Western Australian Rugby Union v Australian Rugby Union Ltd  NSWSC 1174
Such is the level of fracture amongst various members of the Australian rugby fraternity, even Hammerschlag J opined in dismissing the appeal by Western Australian Rugby Union against the decision of an independent arbitrator to uphold their axing by the Australian Rugby Union that both parties “were supposed to be allies, but they were not friends”.
The Australian Rugby Union (ARU) is the governing body for Rugby in Australia and is a member of SANZAAR, an international joint venture between the national rugby unions of South Africa, New Zealand, Australia, and Argentina. SANZAAR is responsible for operating the Rugby Championship (International) and the Super Rugby Competition, a professional competition between franchises or unions of SANZAAR members licensed by their respective national rugby unions. SANZAAR’s commercial responsibilities include the negotiation, and renegotiation, of existing and future broadcast agreements and their terms.
In 2017, SANZAAR decided that the 18 teams competing in the Super Rugby Championship would be culled to 15 and that at least one team from Australia would be cut.
On 2 June 2016 and under a cloud of financial uncertainty, WARU and the ARU entered into an Asset Sale Agreement whereby the ARU bought the Western Force from the WARU. Subsequently, the ARU and WARU entered into an Alliance Agreement to govern the operation, funding, and development of Rugby in Western Australia.
It was agreed between WARU and the ARU that the Alliance Agreement, pursuant to clause 1.1, would end:
- ‘on the expiry date of the last of the SANZAAR Broadcast Agreements (being 31 December 2020); or
- subject to clause 2.4, if the last of the SANZAAR Broadcast Agreements is terminated or renegotiated earlier as a result of the renegotiation of the commercial terms of a broadcast arrangement, such earlier date.’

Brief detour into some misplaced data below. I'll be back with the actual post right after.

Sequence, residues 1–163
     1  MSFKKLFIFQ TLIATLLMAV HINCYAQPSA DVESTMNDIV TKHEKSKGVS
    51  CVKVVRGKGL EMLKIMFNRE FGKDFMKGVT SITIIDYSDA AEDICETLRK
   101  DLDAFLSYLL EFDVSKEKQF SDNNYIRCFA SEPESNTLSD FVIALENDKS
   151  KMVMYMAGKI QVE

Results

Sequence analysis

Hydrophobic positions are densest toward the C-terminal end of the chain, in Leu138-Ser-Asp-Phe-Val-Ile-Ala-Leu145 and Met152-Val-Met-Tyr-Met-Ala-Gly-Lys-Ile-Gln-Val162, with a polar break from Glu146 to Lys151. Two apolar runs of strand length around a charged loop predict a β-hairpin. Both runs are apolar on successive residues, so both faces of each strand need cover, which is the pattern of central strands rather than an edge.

Following the decision by SANZAAR to cut the Super Rugby Competition to 15 teams, in July 2017 members of SANZAAR (including ARU) commenced a process of renegotiating the SANZAAR Broadcast Agreements. These renegotiations were completed on 19 July 2017, though the period of the SANZAAR Broadcasting remained unchanged with an expiry date of 31 December 2020.
The ARU, construing the Alliance Agreement with WARU at an end because “the last of the SANZAR Broadcast Agreements” had been “renegotiated earlier as a result of the renegotiation of the commercial terms of a broadcast arrangement,” decided to cut the Western Force from the Super Rugby Competition.
In arbitration, the WARU argued that where the definition of ‘Term’ pursuant to clause 1.1 of the Alliance Agreement refers to the last of the SANZAAR Broadcast Agreements being “renegotiated earlier” and to the term ending on “such earlier date”, the renegotiation must have the effect of bringing forward the expiry date of the SANZAAR Broadcast Agreements. As the expiry date of the SANZAAR Broadcast Agreements was unaffected, the WARU argued that the term of Alliance Agreement remained on foot and that the ARU had no authority to cut them from the Super Rugby Competition.